Novation Circuit crams still more features: 1.8 update

There’s yet another firmware update for Novation’s Circuit, the inexpensive synth/drum groovebox. 1.8 adds new internal expression features like non-quantized recording, plus custom MIDI channels for use with external gear.

Firmware updates are not normally worth making front-page news, but there’s something unique about the unstoppable force of the Circuit.

It’s small. It’s cheap – still around US$350 new, and used for a lot less. It’s simple – the big surprise has been that what first appeared as a basic entry-level instrument has become a sleeper hit packing unexpected powers. And it just keeps adding firmware updates, at this point seeming more like the sort of thing we’d get from hacker users than from the manufacturer.

New in this build:

Record without quantizing. This one’s long overdue – sure, it’s nice that Circuit automatically quantizes for anyone who’s finger drumming skills suck, but it also takes the soul out of the music. Now you can choose.

Per-note velocity. This was another sort of oversight – because Circuit can have more than one note on the same step, but didn’t track the velocity for each note, you had multiple notes that were all stuck with the same velocity. Now each note has its own velocity.

Synth microsteps. Each step has up to six microsteps for still more rhythmic division.

Assignable MIDI channels. Synth 1, Synth 2, and Drums let you choose MIDI channel 1 to 15, useful if your outboard gear doesn’t let you select.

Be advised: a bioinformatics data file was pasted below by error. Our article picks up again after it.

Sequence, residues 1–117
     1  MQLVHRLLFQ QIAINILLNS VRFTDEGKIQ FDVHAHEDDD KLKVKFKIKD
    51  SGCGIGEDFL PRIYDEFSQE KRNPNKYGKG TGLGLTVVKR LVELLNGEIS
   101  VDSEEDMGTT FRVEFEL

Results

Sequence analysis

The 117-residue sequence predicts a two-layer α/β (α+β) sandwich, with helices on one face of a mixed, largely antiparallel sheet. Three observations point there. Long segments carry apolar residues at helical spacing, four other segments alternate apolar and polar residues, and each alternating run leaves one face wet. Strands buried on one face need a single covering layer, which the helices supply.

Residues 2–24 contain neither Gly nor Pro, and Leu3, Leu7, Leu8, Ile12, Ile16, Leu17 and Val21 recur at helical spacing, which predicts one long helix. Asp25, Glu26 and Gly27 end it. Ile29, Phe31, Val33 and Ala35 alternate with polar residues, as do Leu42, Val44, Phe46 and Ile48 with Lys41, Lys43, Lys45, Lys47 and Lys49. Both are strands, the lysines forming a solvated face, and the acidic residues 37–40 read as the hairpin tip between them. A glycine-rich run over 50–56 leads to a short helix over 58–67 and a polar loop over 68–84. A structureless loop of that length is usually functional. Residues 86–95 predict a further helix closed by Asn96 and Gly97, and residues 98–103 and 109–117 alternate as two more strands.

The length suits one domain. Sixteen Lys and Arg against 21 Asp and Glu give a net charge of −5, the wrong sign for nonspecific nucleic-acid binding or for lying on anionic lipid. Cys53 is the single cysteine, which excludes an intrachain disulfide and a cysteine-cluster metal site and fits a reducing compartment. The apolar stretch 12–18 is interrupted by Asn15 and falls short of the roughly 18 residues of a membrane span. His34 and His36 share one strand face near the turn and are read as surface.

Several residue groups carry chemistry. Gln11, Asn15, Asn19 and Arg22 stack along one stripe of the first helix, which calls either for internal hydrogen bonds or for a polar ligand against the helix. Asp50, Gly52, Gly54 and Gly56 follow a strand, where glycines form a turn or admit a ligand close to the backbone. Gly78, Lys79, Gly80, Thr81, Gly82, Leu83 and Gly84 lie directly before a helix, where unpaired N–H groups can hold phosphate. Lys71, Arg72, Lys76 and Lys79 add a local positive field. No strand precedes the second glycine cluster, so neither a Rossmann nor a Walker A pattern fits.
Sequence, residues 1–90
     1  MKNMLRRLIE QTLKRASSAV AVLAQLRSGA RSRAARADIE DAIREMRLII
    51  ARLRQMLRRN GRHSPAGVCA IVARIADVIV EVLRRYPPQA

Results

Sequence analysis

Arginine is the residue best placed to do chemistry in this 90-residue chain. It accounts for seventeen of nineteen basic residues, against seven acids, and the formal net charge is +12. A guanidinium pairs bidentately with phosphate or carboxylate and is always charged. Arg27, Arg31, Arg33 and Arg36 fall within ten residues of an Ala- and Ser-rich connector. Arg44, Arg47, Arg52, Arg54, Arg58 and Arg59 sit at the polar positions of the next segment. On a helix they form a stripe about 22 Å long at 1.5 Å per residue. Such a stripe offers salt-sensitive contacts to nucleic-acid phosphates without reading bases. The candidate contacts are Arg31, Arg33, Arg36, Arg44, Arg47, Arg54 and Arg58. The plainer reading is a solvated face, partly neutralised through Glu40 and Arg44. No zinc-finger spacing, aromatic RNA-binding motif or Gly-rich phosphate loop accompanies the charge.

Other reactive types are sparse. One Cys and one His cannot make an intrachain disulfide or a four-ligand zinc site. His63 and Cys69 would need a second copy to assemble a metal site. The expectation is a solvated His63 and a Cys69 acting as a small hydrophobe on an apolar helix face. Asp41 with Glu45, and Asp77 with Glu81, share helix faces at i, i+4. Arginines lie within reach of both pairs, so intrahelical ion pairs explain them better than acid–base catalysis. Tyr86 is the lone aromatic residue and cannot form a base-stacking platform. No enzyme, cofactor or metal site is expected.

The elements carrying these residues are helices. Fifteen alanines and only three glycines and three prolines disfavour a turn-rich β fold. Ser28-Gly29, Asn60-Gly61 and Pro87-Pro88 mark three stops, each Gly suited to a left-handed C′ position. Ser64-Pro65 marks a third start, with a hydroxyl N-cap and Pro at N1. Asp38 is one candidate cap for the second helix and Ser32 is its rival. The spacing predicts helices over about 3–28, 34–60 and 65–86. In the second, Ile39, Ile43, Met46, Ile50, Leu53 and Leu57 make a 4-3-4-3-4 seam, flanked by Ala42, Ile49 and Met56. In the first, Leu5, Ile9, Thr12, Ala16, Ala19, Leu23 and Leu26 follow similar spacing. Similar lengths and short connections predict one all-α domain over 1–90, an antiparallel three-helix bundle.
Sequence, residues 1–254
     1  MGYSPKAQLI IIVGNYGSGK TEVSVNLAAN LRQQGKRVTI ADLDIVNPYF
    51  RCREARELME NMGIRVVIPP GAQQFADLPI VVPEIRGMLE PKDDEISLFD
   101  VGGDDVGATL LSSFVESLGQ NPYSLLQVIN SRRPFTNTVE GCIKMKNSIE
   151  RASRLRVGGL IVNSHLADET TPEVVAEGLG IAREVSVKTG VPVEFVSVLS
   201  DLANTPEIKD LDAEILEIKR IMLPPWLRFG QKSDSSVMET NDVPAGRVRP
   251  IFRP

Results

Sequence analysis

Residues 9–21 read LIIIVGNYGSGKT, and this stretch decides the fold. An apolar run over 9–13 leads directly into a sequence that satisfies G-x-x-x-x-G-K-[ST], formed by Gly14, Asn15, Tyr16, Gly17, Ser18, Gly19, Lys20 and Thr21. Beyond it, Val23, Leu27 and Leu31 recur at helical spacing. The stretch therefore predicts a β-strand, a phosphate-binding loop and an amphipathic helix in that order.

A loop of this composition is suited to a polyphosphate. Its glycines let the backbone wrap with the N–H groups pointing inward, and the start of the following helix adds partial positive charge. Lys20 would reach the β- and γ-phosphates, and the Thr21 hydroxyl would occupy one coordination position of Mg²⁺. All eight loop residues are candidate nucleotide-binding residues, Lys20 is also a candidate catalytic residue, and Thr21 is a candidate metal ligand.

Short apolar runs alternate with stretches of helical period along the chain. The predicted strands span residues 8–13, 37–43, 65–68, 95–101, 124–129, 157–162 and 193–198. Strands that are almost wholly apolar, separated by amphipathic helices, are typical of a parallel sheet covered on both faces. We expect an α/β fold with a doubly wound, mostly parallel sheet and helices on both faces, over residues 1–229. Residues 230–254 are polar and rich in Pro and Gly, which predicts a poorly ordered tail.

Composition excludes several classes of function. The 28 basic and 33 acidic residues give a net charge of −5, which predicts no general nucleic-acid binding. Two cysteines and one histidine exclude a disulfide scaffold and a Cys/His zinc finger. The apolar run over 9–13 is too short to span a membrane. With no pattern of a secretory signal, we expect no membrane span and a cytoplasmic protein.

Also a new 1.8 feature (not sure when it was introduced) – CALC has grown a mustache. Erm, 1.8 video:

I think we’re now probably really mostly at the end of the life of Circuit in terms of what the hardware will even run, but it’s still worth noting this longer journey. And actually, just having these additional features might be reason to bring a unit out again, especially with outboard MIDI sequencing.

And there’s a lesson for more long-ter life for gear. MPC die-hards will likely have fond memories of JJ OS, an unofficial alternative firmware for the Akai MPC1000 and MPC2500. Now it’s time for that sort of mindset to apply to official releases.

And why not? Musicians love buying gear. If they got the sense that their hardware would get long-term support rather than being abandoned, they might actually buy more gear. And it’s clear the attention Novation lavished on Circuit has had a halo effect on the whole brand. So manufacturers, take note: musicians invest more in long-term love than they do in planned obsolescence.

So you do hope more manufacturers devote this kind of effort into updates. Novation have been a model for browser-based updates and editing, one you’d hope others follow. And it’d be great where manufacturers don’t devote resources themselves, that they find ways of leaving architectures open for users to modify and extend their gear – whether large manufacturers or small shops.

If it sounds like I may be leading up to discussions of that elsewhere, you bet I am. So other manufacturers working on updates and extensibility, or who would like to talk about those ideas generally, we’d love to hear from you.

More on Circuit:

https://novationmusic.com/circuit/circuit

Grab the update:

https://novationmusic.com/circuit-components

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Novation Circuit 1.8 Update – interessant auch für externe Hardware

Novation Circuit 1.8Novation Circuit 1.8

Die Firma Novation pflegt ihre Geräte gut und offenbar regelmäßig, denn nun kommt das Novation Circuit 1.8 Update mit ein paar nützlichen Neuerungen und Verbesserungen. Die verbesserten Bereiche sind MIDI, Auflösung im Timing, Polyphonie und Dynamik.